South Korean cosmetics brands lay foundation in Europe

The stand of South Korean cosmetics brand Sulwhasoo at Galeries Lafayette department store in Paris.
The stand of South Korean cosmetics brand Sulwhasoo at Galeries Lafayette department store in Paris.PHOTO: AFP

PARIS (AFP) - South Korean cosmetics brands, wildly successful across Asia, now have their eye on Europe where their penetration is, for now, only skin-deep.

Picking luxury goods powerhouse France as its bridgehead to seduce European consumers, South Korea's leading cosmetics firm Amore Pacific launched its top brand Sulwhasoo at the upmarket Galeries Lafayette department store a few months ago.

Britain is the next planned stop for Amore, with plans to launch its other flagship brand, Laneige, too.

The Korean industry has a solid reputation for innovation and a knack for blending natural ingredients - such as green tea, ginseng root or even snail slime - into beauty products.

Hallyu, the "Korean Wave" of pop culture sweeping Asia since the 1990s, has given cosmetics sales a big lift.

"The company's aim today is to widen its geographical presence beyond Asia," Mr Thierry Maman, head of Amore Pacific Europe, said.

Tensions with Chinese clients after South Korea allowed the United States to install a missile shield added urgency to the drive towards globalisation, he added.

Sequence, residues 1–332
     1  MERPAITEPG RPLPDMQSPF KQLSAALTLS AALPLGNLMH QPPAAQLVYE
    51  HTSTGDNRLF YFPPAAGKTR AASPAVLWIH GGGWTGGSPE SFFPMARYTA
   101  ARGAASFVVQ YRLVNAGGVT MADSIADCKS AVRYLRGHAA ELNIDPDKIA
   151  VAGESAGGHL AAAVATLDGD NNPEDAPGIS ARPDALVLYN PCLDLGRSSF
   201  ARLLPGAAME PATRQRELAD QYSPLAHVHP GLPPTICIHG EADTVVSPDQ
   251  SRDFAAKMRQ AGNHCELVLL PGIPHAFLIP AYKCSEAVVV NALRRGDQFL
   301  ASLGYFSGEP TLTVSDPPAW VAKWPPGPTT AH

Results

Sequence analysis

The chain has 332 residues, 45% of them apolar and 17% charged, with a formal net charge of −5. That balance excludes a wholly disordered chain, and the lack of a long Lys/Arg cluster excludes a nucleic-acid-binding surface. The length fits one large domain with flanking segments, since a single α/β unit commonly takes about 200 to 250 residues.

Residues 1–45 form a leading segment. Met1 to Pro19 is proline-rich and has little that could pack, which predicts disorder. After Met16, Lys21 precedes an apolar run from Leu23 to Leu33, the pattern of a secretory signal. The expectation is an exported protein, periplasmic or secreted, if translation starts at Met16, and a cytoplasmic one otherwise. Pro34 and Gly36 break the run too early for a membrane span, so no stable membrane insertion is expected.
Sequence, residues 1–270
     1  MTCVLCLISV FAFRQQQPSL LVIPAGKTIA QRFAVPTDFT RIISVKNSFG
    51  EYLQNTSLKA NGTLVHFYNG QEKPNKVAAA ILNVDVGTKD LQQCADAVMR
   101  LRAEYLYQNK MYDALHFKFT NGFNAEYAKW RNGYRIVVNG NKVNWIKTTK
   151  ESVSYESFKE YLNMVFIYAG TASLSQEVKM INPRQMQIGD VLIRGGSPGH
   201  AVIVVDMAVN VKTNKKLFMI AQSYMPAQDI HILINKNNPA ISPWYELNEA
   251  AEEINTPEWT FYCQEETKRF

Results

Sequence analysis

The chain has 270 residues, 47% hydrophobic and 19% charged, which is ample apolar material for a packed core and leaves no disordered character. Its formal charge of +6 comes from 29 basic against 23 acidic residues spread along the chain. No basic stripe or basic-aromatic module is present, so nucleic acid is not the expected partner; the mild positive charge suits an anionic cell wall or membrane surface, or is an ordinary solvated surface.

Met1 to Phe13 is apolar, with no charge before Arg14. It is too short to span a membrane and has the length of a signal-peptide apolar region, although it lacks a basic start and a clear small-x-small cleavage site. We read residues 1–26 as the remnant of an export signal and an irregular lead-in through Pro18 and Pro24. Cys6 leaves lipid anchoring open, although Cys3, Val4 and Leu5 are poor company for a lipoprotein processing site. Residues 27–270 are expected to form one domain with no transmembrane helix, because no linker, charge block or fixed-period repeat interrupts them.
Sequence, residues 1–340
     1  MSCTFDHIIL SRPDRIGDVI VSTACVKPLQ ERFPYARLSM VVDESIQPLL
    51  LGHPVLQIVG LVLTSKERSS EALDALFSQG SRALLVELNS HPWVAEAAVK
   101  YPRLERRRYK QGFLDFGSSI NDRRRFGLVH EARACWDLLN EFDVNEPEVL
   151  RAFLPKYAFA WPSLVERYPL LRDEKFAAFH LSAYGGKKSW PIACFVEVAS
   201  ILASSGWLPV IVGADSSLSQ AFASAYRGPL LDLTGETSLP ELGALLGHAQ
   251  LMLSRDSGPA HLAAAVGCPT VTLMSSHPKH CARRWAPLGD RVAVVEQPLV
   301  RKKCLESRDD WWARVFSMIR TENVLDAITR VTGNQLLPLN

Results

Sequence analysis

One of the challenges for European expansion is that the Korean Wave of pop culture has not really taken off there.

The Hallyu association can even be a bit of a drawback, said Ms Laura Koeppler, who co-manages the Korean Smooch online store which sells avant-garde cosmetics made in Seoul.

She added that early Korean cosmetics imports to Europe rode a wave of enthusiasm for kawai, meaning "cute" in Japanese, including TonyMoly and Skin79 which makes face masks in the shape of a panda.

"Consumers thought that that is what South Korea is about," she told AFP.

Ms Koeppler said "there is real skill" in K-beauty, which has come up with game-changing products such as BB creams, good at covering imperfections, and so-called "cushions", which blend skincare and make-up ingredients into a single product.

South Korean beauty and skincare require different "application rituals" than those Europeans are used to, said Mr Maman. "There is a need for guidance" for European consumers wanting to work Korean products into their routine."

A number of Western beauty companies have copied South Korean cosmetics inventions, industry experts said. Sometimes, they simply buy into local companies for fast Asian market exposure, such as when Unilever picked up South Korea's Carver, LVMH bought a stake in Clio Cosmetics and Estee Lauder invested in Dr Jar+ and DTRT.